The choral singing consistently gives great pleasure. The chorales are uniformly satisfying. Elsewhere, the chorus ’Ehre sei Gott in der Höhe’ (Cantata II) has an infectious eagerness and they produce a lovely warm sound in ‘Falt mit Danken’ (Cantata IV). They’re bustlingly exultant in ‘Ehre sei dir,Gott, gesungen’ (Cantata V) and launch the sixth cantata joyously.

The orchestral contribution is no less fine. The sinfonia that opens Cantata II lilts irresistibly and the rich sound that the pair of natural horns adds to the mix in the opening chorus of Cantata IV is hugely enjoyable. The obbligato playing is uniformly excellent – sample, for instance, the natural trumpet in the bass aria in Cantata I or the expressive violin in the alto aria ‘Schliesse, mein Herze’(Cantata III).

There is a strong team of soloists. The tenor, Jörg Dürmüller, who I can’t recall hearing previously, impresses as the narrator. He has a fine clarity of delivery and his voice, which is essentially quite a light one, is produced easily, especially at the top. He may lack the sweetness of Anthony Rolfe-Johnson (for John Eliot Gardiner) or the sense of engagement of the incomparable Helmut Krebs (for Fritz Werner) but he’s still a very involving narrator. He and de Vriend pace the recitatives admirably and you feel drawn into the narrative by Dürmüller. He also sings his demanding arias very well.

Detlef Roth is a very satisfying bass. His voice has presence but is also sufficiently agile so that he gives a fine account of that noble aria ‘Grosser Herr’ (Cantata I). He also produces smooth tone for ‘Erleucht auch meine finstre Sinne’ (Cantata V). The soprano has the least to do among the soloists but I enjoyed the singing of Malin Hartelius. In particular I relished the light, silvery tone that she deploys in ‘Flösst, mein Heiland’ (Cantata IV). Her account of this aria is full of charm and I love the way she conveys wide-eyed eagerness when singing the simple but key word "Ja".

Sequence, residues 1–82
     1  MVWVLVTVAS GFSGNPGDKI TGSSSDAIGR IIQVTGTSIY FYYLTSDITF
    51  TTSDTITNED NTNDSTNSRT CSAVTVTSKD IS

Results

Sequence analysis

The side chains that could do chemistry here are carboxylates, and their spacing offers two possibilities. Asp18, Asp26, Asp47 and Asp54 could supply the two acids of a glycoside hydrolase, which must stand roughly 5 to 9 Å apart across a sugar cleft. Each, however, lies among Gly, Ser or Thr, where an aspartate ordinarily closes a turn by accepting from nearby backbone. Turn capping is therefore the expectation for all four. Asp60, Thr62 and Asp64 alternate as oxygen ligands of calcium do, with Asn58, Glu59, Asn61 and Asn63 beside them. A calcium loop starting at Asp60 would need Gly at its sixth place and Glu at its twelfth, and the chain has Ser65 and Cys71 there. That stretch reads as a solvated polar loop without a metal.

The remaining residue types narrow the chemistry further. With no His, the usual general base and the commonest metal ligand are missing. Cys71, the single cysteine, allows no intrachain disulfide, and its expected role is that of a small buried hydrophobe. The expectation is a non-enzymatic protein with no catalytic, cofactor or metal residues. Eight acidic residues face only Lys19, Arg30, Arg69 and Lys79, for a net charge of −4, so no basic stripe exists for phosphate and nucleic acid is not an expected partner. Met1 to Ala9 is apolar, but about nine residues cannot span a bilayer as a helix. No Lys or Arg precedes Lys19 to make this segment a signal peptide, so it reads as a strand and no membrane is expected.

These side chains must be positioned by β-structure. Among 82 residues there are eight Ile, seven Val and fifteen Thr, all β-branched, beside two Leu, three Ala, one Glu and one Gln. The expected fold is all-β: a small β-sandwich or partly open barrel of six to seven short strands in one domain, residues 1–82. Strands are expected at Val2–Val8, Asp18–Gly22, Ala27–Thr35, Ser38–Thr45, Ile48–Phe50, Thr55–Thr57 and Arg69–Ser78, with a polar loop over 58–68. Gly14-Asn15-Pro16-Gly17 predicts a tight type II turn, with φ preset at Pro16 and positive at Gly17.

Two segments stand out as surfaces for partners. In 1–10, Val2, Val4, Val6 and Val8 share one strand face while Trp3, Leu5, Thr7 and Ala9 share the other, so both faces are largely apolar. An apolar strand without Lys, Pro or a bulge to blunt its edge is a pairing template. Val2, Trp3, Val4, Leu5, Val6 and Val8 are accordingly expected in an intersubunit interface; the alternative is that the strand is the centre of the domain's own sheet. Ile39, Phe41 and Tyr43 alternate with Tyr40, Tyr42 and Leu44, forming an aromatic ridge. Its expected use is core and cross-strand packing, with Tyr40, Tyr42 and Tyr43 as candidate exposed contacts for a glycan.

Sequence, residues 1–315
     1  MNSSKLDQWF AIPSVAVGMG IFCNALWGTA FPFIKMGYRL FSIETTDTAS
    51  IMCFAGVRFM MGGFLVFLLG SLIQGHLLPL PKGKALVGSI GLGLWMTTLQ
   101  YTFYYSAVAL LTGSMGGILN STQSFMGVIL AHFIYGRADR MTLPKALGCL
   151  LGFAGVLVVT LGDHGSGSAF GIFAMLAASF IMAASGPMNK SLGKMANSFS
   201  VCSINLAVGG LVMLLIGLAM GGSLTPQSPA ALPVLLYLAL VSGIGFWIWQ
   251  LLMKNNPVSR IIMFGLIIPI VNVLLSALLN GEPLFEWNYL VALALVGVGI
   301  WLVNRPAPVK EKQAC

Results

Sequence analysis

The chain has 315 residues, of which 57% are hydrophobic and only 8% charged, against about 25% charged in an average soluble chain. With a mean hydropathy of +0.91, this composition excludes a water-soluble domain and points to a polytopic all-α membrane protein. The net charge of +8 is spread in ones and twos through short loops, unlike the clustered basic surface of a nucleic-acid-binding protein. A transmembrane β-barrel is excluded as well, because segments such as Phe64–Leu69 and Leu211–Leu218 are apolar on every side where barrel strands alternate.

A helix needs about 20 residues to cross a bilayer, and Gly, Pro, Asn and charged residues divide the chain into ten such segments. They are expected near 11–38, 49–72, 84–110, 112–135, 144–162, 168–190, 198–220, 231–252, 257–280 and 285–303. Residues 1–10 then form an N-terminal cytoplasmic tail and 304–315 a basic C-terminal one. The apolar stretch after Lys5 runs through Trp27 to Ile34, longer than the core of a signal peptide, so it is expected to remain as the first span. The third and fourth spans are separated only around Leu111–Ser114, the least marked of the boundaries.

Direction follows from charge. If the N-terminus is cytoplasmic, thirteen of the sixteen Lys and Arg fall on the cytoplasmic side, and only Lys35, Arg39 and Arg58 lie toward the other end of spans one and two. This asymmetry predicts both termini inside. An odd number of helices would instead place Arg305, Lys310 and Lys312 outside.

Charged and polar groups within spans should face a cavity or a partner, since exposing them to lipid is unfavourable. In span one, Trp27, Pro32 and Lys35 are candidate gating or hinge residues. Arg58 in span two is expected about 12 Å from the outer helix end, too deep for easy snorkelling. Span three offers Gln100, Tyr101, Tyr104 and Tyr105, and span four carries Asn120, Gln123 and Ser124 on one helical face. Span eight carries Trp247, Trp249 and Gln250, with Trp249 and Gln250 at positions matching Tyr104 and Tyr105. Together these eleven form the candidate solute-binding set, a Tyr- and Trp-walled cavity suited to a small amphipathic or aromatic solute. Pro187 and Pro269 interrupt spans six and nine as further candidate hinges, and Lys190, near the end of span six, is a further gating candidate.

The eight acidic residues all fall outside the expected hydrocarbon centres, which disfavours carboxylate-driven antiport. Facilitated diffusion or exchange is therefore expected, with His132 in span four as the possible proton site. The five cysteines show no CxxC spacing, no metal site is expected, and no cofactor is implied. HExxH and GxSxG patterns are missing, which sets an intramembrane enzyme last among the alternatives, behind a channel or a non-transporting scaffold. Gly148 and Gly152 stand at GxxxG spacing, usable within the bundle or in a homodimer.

Her fellow Swede, the alto Kristina Hammarström, makes a very positive impression. To her fall some of the choicest arias in the whole work and she’s fully equal to their challenges. She’s suitably alert in ‘Bereite dich, Zion’ (Cantata I) and then in the next cantata she delivers ‘Schlafe, mein Liebster’ with warm affection.

As I’ve already indicated, Jan Willem de Vriend directs the proceedings judiciously. He displays evident understanding and affection for the music and leads what I find to be a consistently satisfying and invigorating account of this wonderful music. Since the performance is also captured in excellent sound that is clear yet atmospheric this set earns a very strong recommendation on every count. I’ve enjoyed this recording of Christmas Oratorio enormously and I hope it will brighten your Christmas celebrations also.

John Quinn